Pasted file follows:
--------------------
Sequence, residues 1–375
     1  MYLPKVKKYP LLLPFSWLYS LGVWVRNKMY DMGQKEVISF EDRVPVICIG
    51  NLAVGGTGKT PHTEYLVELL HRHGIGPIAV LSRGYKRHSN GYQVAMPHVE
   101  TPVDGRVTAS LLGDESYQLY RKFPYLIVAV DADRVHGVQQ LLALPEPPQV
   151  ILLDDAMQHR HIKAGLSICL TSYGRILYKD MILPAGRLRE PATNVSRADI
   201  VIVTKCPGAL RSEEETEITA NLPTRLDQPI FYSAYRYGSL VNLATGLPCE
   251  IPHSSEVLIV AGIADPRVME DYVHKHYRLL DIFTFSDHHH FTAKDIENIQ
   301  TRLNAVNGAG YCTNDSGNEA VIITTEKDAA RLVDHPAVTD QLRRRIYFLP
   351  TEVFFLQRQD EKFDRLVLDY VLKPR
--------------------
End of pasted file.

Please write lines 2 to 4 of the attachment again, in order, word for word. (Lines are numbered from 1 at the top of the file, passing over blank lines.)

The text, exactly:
     1  MYLPKVKKYP LLLPFSWLYS LGVWVRNKMY DMGQKEVISF EDRVPVICIG
    51  NLAVGGTGKT PHTEYLVELL HRHGIGPIAV LSRGYKRHSN GYQVAMPHVE
   101  TPVDGRVTAS LLGDESYQLY RKFPYLIVAV DADRVHGVQQ LLALPEPPQV